CHICAGO (CN) - Facebook must face a jury trial over its use of the term "Timeline," which is trademarked by the social networking site Timelines.com, a federal judge ruled.
Timelines.com runs a social networking website where users can access and post personal or historical content along a timeline. If a student posts information about the American Civil War, for example, a separate user can also access the website and post additional related information, according to the complaint
The website averaged 94,000 users in 2011 and 2012, and has 1,209 registered users. It registered a trademark for "Timelines" in 2010.
In 2011, Facebook introduced a Timeline feature that chronologically tracks the information users enter into the site. Timelines.com said Facebook knew of its service prior to announcing the new feature, but used the term anyway to dominate the search-engine results.
As quoted in a statement of facts that Timelines filed with the court, Facebook CEO Mark Zuckerberg introduced the Timeline feature in 2011 by remarking that the company "decided to focus in two places: all the stuff we want to do (products), and also wanted to punch anyone who tried to compete with us in the face really hard. You have to teach people who compete with you 'don't even fucking bother.'"
Setting the stage for a jury trial on the matter, U.S. District Judge John Darrah this week rejected Facebook's argument that "Timeline" is too generic to enforce as a trademark.
"The use of the term by the media fails to rebut the presumption of the marks' validity, as the term was obviously used in common speech prior to the PTO's issuance of plaintiff's registrations," Darrah wrote, abbreviating Patent and Trademark Office. "This evidence simply indicates the PTO was aware of these other uses of the terms at issue and found that plaintiff was not using the term in a generic manner. ... Hence, this evidence does not support a finding of genericness sufficient to award defendant summary judgment."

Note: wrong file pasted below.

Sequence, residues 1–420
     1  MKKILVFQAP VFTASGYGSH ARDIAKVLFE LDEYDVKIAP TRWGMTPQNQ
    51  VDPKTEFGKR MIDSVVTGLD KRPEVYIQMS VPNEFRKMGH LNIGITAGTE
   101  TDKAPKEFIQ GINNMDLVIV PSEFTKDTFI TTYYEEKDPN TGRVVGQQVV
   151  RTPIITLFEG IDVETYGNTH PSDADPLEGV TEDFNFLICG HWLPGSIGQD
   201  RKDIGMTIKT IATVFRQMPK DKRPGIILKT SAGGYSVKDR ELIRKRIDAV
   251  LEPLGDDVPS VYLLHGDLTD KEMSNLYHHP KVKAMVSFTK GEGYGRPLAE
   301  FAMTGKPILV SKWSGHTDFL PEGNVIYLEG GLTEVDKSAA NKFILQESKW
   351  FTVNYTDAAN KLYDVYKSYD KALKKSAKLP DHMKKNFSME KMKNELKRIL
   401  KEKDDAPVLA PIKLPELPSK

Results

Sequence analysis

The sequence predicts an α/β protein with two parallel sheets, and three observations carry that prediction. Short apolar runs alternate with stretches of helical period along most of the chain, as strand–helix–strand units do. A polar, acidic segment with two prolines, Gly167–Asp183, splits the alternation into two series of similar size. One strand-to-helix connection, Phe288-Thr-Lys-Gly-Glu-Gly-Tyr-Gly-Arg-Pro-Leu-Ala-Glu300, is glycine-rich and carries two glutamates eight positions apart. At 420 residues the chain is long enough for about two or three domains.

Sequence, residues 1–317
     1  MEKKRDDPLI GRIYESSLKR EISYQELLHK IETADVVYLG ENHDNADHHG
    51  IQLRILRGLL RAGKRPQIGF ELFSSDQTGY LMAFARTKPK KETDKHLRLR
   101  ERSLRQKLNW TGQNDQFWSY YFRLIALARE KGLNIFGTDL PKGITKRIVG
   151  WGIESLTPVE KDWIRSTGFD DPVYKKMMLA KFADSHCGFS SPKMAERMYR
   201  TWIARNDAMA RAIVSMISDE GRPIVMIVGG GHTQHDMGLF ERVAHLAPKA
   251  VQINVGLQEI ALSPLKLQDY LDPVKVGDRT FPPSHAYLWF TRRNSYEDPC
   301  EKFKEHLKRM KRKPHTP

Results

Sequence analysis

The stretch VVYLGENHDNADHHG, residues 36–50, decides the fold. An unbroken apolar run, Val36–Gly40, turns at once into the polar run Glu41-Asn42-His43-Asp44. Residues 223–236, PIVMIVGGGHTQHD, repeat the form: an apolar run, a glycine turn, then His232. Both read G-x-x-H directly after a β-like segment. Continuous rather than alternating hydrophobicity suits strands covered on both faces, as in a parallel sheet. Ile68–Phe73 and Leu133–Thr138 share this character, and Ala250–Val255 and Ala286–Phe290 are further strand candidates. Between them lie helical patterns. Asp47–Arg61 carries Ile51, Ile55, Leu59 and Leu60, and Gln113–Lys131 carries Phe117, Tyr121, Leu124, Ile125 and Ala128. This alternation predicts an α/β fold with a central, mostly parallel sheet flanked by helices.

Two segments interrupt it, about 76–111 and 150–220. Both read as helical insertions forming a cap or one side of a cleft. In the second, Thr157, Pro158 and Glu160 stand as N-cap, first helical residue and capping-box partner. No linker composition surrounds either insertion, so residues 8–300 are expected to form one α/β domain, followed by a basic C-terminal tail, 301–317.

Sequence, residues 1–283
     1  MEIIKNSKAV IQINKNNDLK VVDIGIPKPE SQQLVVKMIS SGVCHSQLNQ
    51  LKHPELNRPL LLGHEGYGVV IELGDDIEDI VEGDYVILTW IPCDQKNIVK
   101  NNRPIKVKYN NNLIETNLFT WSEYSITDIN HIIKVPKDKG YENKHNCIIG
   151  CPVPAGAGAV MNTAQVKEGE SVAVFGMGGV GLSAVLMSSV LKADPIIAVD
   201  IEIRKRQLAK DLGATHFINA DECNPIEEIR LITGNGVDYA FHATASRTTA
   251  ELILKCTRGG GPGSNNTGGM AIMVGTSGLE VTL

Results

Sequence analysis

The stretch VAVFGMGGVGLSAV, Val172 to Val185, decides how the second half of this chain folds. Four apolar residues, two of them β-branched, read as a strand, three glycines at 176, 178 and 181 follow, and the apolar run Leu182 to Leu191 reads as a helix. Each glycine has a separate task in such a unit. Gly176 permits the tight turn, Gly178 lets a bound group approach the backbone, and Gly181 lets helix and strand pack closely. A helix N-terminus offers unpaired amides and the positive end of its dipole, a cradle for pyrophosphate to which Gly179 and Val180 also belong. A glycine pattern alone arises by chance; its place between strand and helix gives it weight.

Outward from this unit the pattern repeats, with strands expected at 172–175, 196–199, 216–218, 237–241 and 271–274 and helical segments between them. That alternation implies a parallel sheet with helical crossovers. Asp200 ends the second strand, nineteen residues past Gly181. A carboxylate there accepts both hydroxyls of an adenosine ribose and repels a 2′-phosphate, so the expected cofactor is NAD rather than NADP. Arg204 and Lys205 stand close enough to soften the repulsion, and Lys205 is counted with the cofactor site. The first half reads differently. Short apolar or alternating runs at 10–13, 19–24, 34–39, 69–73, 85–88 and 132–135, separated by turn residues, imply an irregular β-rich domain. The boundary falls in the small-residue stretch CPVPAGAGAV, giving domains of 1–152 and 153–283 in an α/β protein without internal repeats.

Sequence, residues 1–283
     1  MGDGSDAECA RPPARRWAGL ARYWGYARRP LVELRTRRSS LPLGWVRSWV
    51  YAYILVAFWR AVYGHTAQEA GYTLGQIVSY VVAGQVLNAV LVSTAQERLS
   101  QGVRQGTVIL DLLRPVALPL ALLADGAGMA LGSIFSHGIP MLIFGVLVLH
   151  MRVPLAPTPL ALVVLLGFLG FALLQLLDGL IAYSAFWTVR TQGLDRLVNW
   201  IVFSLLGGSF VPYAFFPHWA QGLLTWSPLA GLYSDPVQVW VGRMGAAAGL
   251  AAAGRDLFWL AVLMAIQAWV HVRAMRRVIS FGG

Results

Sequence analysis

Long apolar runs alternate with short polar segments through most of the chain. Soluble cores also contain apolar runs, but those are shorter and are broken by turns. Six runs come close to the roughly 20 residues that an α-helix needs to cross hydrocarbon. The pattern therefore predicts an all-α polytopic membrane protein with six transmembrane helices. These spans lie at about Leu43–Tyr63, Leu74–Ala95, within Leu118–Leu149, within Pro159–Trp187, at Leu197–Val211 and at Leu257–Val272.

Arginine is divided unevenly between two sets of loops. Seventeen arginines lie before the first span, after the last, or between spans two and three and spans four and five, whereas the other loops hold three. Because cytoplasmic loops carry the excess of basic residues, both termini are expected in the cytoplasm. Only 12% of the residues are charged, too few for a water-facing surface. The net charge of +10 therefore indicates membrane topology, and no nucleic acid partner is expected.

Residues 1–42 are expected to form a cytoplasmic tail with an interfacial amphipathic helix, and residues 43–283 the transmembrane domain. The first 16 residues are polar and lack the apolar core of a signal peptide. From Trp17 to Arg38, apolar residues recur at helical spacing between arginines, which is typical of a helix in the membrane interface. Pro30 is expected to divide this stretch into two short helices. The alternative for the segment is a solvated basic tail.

Facebook furthermore cannot claim that fair use protects its use of "Timeline" because "genuine issues of material fact remain regarding defendant's use of the term 'Timeline' in good faith, as evidence demonstrates that defendant was aware of plaintiff's registered trademarks and defendant's CEO commented that defendant 'wanted to punch anyone who tried to compete with [Facebook] in the face really hard,'" according to the ruling.
Timelines.com seeks damages equal to Facebook's timeline-derived ad revenue.
A jury trial is set for April 22.